[Coral-List] Coral: Symbol, Substance, and Significance / A conference in NYC / October 29 – 31, 2009

Lisa Koenigsberg lisa.koenigsberg at artinitiatives.com
Tue Oct 20 14:04:23 EDT 2009

Initiatives in Art and Culture
Coral: Symbol, Substance, and Significance
October 29 – October 31, 2009
Student discount available

Coral is a comprehensive examination of this 
astonishing organism, exploring its place in both 
in the natural world and in the realm of culture, 
and considering what is being done to protect and preserve it.

Beginning with the role of coral within the reef 
and the criticality of coral reefs to ocean 
ecology and thus to human existence we turn to 
forces threatening reef survival, and to efforts 
of scientists, governments, and nongovernmental 
organizations to protect and restore them. We 
address laws and treaties formulated to govern 
trade in coral, a substance that has been termed 
"too precious to wear." We examine coral in 
history, both its evolving associations over time 
and its traditional place in the wunderkammer, 
and explore its changing role and use in jewelry, 
art, and fashion, with specific discussion of the 
mimetic use of coral alternatives and the 
symbolic use of the coral motif as an 
inspiration. Initiatives in Art and Culture has a 
long-standing commitment to explorations of 
cultural patrimony and of art and ornament. In 
Coral, we again celebrate the object by placing 
it in the broadest possible context. The 
conference, organized by Initiatives in Art and 
Culture, will explore issues relating to coral's 
place in the natural and cultural worlds.

Among those who have agreed to speak are: Michael 
Kowalski, Chairman and CEO of Tiffany & Co.; 
Richard E. Dodge, professor and dean, Nova 
Southeastern University (NSU) Oceanographic 
Institute and Executive Director of the Centers 
Coral Reef Institute (NCRI); Kacky Andrews, 
Director, Coral Reef Conservation Program, 
National Ocean Service, National Oceanic and 
Atmospheric Administration Committee (NOAA); 
Andrew Baker, Assistant Professor of Marine 
Biology and Fisheries, University of Miami; Dawn 
Martin, president of SeaWeb; Christine Dawson, 
Bureau of Oceans and International Environmental 
and Scientific Affairs, U.S. Department of State; 
Michele Oka Doner, artist whose breadth of 
artistic production encompasses public art, 
sculpture, furniture, jewelry, and functional 
objects, a significant number of which draw 
inspiration from coral and the sea; Barbara Best, 
Coastal Resources and Policy Advisor, Office of 
Natural Resources Management, Bureau for Economic 
Growth, Agriculture and Trade, U.S Agency for 
International Development; Ilze K. Berzins, 
Executive Vice President, Animal Health, 
Conservation and Research, John G. Shedd 
Aquarium; Ken Nedimyer, Founder and President, 
Coral Restoration Foundation; Susan J. Torntore, 
authority on the Corallium industries in Italy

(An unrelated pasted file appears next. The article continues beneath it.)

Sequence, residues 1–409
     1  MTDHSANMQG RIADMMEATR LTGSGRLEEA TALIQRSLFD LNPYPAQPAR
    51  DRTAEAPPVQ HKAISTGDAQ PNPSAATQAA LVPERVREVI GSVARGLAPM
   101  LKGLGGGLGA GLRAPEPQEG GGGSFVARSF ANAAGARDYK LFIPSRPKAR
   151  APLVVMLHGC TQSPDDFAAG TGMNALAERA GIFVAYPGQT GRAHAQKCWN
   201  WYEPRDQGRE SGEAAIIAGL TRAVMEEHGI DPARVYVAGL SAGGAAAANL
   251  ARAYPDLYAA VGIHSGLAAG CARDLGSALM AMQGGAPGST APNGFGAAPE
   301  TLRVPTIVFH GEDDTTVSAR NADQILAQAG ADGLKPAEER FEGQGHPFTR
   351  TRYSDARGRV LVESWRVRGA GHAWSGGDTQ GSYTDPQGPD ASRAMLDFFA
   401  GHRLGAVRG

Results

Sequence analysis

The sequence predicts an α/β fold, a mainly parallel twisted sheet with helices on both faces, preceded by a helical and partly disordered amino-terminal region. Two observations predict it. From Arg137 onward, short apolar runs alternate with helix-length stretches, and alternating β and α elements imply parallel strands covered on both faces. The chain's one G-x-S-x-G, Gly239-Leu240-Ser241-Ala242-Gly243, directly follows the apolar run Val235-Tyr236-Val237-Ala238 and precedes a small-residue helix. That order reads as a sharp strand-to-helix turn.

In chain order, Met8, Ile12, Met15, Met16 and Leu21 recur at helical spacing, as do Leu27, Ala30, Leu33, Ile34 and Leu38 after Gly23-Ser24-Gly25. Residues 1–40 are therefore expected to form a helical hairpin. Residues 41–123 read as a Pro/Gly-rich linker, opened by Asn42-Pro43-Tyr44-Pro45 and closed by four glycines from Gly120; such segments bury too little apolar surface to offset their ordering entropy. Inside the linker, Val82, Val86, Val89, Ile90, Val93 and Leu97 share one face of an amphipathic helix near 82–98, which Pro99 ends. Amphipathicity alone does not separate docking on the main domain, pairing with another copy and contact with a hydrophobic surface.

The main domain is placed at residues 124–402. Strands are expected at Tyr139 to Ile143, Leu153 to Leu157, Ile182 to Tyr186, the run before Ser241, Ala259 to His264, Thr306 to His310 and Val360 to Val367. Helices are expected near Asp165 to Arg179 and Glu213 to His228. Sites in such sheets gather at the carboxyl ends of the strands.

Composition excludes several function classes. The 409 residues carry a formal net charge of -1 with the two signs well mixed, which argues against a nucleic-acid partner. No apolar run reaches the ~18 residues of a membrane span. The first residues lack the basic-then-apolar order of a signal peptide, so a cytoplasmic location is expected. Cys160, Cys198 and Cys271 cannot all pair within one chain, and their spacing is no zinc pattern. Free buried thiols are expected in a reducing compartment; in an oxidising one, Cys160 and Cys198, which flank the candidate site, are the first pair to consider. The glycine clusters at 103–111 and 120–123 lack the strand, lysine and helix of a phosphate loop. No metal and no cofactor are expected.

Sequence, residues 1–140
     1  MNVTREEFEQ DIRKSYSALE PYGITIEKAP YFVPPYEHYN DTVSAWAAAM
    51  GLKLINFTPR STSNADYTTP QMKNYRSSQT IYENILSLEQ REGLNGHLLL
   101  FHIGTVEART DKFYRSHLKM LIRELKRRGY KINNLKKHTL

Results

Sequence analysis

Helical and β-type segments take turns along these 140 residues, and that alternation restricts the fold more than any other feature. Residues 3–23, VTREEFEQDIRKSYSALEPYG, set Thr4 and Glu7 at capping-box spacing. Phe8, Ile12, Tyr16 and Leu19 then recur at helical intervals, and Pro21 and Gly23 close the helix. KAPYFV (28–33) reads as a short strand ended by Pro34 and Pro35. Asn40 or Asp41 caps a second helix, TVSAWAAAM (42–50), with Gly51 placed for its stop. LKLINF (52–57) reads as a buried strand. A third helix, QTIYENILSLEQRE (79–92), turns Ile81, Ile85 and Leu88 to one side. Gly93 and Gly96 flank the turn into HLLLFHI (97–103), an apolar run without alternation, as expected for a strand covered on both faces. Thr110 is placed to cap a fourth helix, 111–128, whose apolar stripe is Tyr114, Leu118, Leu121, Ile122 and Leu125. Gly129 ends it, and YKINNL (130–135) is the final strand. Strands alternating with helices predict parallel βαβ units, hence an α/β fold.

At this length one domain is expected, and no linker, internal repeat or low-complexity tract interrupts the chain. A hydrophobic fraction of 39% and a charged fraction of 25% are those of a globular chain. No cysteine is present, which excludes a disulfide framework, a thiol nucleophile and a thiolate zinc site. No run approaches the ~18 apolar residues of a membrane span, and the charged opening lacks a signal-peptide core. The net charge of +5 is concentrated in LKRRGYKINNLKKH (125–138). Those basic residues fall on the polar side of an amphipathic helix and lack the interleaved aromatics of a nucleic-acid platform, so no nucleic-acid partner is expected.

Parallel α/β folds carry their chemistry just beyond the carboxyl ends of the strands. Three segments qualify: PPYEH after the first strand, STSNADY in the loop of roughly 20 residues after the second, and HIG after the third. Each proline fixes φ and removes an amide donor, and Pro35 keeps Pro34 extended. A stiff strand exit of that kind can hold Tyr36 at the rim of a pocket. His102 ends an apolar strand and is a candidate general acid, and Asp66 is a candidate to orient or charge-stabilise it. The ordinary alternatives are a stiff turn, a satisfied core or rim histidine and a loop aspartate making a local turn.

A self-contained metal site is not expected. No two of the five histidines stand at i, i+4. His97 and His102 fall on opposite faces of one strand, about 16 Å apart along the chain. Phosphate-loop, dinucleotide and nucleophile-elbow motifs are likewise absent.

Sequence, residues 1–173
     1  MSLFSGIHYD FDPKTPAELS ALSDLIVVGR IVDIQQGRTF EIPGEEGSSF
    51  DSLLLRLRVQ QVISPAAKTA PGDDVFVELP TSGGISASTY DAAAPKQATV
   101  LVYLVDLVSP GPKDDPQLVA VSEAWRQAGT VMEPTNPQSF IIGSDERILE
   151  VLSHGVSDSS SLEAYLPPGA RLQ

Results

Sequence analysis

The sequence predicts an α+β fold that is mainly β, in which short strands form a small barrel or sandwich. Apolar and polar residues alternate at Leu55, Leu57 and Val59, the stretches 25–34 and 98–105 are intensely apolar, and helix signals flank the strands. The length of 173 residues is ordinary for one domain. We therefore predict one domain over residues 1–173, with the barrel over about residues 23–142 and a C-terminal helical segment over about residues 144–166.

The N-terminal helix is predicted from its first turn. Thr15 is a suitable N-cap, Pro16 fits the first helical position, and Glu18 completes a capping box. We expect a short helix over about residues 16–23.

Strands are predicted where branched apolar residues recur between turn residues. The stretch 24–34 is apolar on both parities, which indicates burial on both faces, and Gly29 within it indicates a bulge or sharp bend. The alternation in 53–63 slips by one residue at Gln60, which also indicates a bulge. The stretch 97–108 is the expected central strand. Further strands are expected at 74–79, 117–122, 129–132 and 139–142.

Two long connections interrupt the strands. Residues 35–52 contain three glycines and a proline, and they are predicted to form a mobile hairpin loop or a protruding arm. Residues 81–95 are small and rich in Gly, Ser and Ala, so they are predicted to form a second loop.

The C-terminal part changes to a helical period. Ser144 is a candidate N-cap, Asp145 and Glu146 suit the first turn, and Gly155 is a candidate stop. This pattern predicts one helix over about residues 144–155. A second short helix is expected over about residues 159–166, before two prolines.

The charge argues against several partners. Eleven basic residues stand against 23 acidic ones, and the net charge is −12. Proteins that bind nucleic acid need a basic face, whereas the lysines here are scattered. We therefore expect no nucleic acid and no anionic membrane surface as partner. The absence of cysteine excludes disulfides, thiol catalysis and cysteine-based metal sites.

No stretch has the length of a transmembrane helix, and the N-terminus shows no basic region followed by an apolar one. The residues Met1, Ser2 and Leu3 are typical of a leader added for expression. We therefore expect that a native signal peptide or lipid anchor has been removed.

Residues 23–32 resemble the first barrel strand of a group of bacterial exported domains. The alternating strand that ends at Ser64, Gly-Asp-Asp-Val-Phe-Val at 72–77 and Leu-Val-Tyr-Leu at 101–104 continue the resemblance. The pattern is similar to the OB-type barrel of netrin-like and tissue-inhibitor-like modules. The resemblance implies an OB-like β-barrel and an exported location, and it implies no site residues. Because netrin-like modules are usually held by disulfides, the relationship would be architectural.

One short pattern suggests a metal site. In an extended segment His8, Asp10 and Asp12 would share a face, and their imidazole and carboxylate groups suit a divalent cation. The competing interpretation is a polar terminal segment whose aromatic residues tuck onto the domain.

and Taiwan; Steve D'Esposito, president RESOLVE 
and formerly president, Earthworks Action; Billy 
Causey, Regional Director, Florida Keys National 
Sanctuary; Caleb McClennen, Director, Marine 
Conservation, Wildlife Conservation Society; 
Crawford Allan, Regional Director, TRAFFIC North 
America, World Wildlife Fund; Rebecca Bratspies, 
Professor of Environmental Law, City University 
New York Law School; Mercer R. Brugler, 
Environmental and Evolutionary Biology Program, 
University of Louisiana at Lafayette; Godfrey 
Reggio, producer and director, who is prominent 
in the film world for his Qatsi trilogy and for 
Anima Mundi, (music for all by Philip Glass) 
which convey a humanist philosophy about the 
earth; Marilyn F. Cooperman, jeweler whose work 
often employs aquatic motifs; Amedeo 
Scognamiglio, jeweler, whose family has been 
based in Torre del Greco, a center of the 
creation of jewelry from seashells, corals and 
semiprecious stones; Stephen Dweck, jeweler whose 
work is inspired by minerals and a love for the 
natural world; Janie Schoenborn, design director, 
Lilly Pulitzer; David Wolfe, creative director 
and chief forecaster of Doneger and Co.; Sarah 
Graham, jeweler whose point of departure for her 
coral inspired work are plates in Ernst Haeckel’s 
Art Forms in Nature; and Géza von Habsburg, an 
art historian who has served as chairman of two 
auction houses and whose numerous publications 
include Princely Treasures (1997) and several definitive volumes on Fabergé
To register on-line: go to: www.acteva.com/go/coral
Fee: The conference fee is $250; an early 
registration discount of $195 is available until 
October 23, 2009.  A discounted rate of $100 is 
available for students. For more information: 
<mailto:info at artinitiatives.com>info at artinitiatives.com 
or call: 646-485-1952 or visit www.artinitiatives.com
We are grateful for generous support received 
from Tiffany & Co., NOAA Coral Conservation Reef 
Program, SeaWeb, The Henry Foundation, The John 
G. Shedd Aquarium, The Louis and Lena Minkoff 
Foundation, The Magazine ANTIQUES, and The Exeter Group (as of 10/5/09).

More information about the Coral-List mailing list